Imagine hearing the winning numbers for the Powerball lottery, but you didn’t know when those numbers would be called, just that sometime in the next 10 years or so, they would be. Despite the financial cost of playing those numbers on a daily basis during that period, the reward is great enough to be worth it.
Animals that live in highly variable environments play a similar lottery when it comes to their Darwinian fitness, or how well they can pass on their genes. In a new study led by the University of Michigan, scientists found that red squirrels that gambled on the breeding game outperformed their counterparts, even if it cost them in the short term.
Natural selection favors female squirrels that have large litters in years when food is plentiful because they contribute many babies to the gene pool, said Lauren Petrullo, lead author and a National Science Foundation postdoctoral researcher in biopsychology at the University of California. Michigan.
“We were surprised to find that some females have large litters in years when there won’t be enough food for their babies to survive the winter,” he said. “Because it is biologically expensive to produce offspring, we wanted to know why these females make what appears to be a mistake in their reproductive strategy.”
The red squirrels studied live in the Canadian Yukon and experience a “mast year” or boom on their main food source, the seeds in the cones of white fir trees, once every four to seven years. Squirrels forecast the big food harvest before it occurs and increase litter sizes in the months before, ensuring better future survival for their babies and better fitness for themselves.
“There is a constant tug-of-war between the trees and the squirrels at our study site,” Petrullo said, “with each player trying to trick the other for their own physical gain.”
Petrullo and Ben Dantzer, a UM associate professor of psychology and of ecology and evolutionary biology, used data collected by the Kluane Red Squirrel Project, a 34-year collaborative field study involving UM, the University of Colorado, the University of Alberta and the University of Saskatchewan.
“Every year, we collect data on how many babies the squirrels produce and how many fir cones the squirrels eat,” Dantzer said.
The scientists quantified the reproduction of female squirrels during food booms and busts, and discovered differences in their physical state, whether they played with their reproductive strategy or not. While some squirrels played it safe by keeping litter sizes small each year, those that took a “pie-in-the-sky” approach by having large litters, even when food was scarce, enjoyed increased fitness for life if they got to experience a year of mast, the research showed. .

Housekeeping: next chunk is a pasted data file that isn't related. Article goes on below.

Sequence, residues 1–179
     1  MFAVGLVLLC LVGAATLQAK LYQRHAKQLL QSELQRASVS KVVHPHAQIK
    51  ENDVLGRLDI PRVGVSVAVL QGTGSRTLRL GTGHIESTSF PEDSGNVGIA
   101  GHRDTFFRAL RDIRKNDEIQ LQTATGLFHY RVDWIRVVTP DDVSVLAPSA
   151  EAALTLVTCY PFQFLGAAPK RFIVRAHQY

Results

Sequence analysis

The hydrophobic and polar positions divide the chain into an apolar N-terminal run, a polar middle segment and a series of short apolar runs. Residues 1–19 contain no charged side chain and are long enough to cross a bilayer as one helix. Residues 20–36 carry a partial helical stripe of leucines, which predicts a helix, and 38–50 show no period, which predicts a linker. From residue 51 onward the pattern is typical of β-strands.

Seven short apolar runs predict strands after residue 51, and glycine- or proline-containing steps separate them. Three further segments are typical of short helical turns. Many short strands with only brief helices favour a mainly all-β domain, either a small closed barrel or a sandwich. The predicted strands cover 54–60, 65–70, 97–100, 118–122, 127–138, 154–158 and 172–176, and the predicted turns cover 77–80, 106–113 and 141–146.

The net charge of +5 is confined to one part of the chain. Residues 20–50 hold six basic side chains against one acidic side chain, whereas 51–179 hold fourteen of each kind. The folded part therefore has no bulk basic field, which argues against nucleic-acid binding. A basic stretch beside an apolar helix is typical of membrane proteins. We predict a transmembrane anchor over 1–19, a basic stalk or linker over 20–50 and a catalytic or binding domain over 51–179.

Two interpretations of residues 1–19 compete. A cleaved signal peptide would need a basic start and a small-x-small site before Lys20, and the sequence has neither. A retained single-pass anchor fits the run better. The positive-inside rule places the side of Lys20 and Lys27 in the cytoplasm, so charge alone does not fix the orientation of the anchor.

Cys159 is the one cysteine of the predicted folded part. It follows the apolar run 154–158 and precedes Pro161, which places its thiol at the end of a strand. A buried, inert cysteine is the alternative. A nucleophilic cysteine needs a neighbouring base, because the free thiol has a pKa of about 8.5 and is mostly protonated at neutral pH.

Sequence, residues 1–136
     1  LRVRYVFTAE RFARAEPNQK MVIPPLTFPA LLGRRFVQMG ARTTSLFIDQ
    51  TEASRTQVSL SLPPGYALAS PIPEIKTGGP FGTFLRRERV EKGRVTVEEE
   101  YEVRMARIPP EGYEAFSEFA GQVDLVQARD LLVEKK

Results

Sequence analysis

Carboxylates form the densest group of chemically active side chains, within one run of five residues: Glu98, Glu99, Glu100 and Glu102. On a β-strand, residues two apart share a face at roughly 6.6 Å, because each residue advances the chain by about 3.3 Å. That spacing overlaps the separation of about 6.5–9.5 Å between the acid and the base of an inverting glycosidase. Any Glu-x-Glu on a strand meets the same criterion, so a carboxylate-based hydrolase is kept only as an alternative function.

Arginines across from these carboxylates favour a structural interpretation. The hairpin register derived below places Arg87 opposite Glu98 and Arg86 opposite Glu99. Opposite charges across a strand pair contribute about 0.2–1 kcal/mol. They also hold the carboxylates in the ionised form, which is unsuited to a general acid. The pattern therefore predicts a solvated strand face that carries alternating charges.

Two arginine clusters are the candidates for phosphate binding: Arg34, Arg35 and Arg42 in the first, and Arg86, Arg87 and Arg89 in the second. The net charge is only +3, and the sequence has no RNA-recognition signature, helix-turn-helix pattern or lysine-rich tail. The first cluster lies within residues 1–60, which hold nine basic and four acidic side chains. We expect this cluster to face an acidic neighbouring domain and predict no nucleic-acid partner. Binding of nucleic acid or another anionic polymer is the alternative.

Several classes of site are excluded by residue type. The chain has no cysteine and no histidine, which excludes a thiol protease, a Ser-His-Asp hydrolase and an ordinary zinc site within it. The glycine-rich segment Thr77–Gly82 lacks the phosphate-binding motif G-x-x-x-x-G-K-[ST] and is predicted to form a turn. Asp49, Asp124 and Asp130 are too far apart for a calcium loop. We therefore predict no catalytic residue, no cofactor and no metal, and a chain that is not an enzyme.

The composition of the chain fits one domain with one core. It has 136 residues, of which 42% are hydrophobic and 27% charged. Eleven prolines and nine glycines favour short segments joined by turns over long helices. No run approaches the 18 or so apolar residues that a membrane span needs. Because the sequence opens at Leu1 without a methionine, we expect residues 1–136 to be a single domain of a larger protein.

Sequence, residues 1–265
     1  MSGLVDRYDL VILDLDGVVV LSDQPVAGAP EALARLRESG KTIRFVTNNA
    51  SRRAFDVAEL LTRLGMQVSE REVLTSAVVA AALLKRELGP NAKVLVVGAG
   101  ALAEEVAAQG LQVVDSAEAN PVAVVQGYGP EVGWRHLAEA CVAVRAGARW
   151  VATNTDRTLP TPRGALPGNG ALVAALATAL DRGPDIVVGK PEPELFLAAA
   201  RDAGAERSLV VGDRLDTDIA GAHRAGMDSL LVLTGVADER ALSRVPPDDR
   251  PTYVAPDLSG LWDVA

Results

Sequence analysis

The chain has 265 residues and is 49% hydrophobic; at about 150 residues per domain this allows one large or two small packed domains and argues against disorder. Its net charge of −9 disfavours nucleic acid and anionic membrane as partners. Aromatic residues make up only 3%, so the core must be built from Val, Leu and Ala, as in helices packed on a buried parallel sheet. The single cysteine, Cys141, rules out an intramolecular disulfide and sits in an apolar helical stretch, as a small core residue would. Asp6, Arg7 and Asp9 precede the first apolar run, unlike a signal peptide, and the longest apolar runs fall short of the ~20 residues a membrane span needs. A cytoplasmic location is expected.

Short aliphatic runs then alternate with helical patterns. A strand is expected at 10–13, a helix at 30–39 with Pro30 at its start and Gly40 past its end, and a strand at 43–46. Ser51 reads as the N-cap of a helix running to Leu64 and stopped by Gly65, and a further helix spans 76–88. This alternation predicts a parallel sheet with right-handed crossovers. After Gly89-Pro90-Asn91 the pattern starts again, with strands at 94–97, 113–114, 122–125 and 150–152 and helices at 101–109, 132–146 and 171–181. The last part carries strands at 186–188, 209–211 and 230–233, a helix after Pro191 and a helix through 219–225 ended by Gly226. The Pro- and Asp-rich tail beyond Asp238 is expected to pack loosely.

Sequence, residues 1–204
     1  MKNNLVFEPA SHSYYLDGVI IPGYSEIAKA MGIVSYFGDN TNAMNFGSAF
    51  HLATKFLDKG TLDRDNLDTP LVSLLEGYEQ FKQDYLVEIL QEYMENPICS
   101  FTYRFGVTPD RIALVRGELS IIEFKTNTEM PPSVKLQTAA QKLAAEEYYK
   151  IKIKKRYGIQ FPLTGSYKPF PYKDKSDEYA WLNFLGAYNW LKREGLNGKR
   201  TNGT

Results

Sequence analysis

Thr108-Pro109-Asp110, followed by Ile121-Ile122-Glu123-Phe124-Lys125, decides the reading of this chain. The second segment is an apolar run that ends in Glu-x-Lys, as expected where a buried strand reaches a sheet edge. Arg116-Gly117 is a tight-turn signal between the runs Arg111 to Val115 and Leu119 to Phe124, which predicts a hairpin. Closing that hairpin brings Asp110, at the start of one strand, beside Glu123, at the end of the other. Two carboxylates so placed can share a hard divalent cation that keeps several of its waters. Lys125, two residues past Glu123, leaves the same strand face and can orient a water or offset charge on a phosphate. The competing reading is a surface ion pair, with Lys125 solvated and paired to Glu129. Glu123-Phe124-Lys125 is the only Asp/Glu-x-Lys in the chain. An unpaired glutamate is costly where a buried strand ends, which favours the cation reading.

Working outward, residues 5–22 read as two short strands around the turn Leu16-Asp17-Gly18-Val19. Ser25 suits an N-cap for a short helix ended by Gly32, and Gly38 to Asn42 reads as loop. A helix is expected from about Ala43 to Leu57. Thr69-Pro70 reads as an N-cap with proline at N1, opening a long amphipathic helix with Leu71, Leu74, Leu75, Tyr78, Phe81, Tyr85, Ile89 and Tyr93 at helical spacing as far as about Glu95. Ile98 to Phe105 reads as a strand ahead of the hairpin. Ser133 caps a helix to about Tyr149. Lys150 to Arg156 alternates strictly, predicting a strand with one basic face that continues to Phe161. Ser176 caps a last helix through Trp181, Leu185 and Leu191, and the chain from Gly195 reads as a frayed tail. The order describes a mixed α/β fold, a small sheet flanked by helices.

Unlike the Powerball example, however, the squirrels are not guaranteed to eventually win.
“In some ways, this strategy of betting on litter size is like playing with fire,” Petrullo said. “Because the average lifespan of a squirrel is 3.5 years and masts only occur every four to seven, a female could be sabotaging her fitness by having too many babies in lean years, hoping to a mast when you can die before you get to experience a mast. This could be quite expensive.”
Alternatively, for the squirrels, the cost of not betting on the replay game at all can be insurmountable if they end up missing out on the chance to hit the jackpot.
“It’s essentially impossible for a female to recoup the fitness costs of not increasing reproduction in a mast year, so the stakes are high,” Petrullo said.
Females that increased litter sizes in years of food scarcity suffered a short-term impact on their physical condition. But they were more likely to increase litter sizes if and when they experienced a mast, taking home the ultimate prize of increased lifetime reproductive success, she said.
The squirrels’ best bet, according to the researchers, is to take a chance and suffer short-term fitness costs to avoid the unmatched cost of missing out on the fitness jackpot entirely.
“Determining the relative costs of different types of errors is key to understanding why animals make what we think are mistakes,” Petrullo said.
Scientists aren’t yet sure how squirrels can forecast future food production. The animals may be eating parts of the fir trees that affect their physiology and alter the number of babies they produce, Dantzer said.
“This is exciting because it suggests that the squirrels are eavesdropping on the trees, but we still have a lot more to do to solve this puzzle,” he said.
Because many animals use cues about things like food in their environment to make reproductive decisions, and the reliability of these cues is declining due to global climate change, scientists also wonder how the costs of these types of errors will alter what is the best reproductive strategy. .
“If the predictability of a food boom is reduced and squirrels can no longer predict the future, this could affect the number of squirrels in the boreal forest,” Dantzer said. “This could be problematic given that squirrels are preyed on by many predators.”
The research, “Phenotype-environment mismatch errors enhance lifelong fitness in wild red squirrels,” appears in Science.
Study co-authors are Stan Boutin, University of Alberta; Andrew McAdam, University of Colorado; and Jeff Lane, University of Saskatchewan.
Lauren Petrullo et al, Phenotype-environment mismatch errors improve lifelong fitness in wild red squirrels, Science (2023). DOI: 10.1126/science.abn0665. www.science.org/doi/10.1126/science.abn0665
Provided by the University of Michigan
Citation: Squirrels That Gamble Win Big When It Comes To Evolutionary Fitness (January 19, 2023) Retrieved January 19, 2023 from https://phys.org/news/2023-01-squirrels-gamble-big- evolutionary.html
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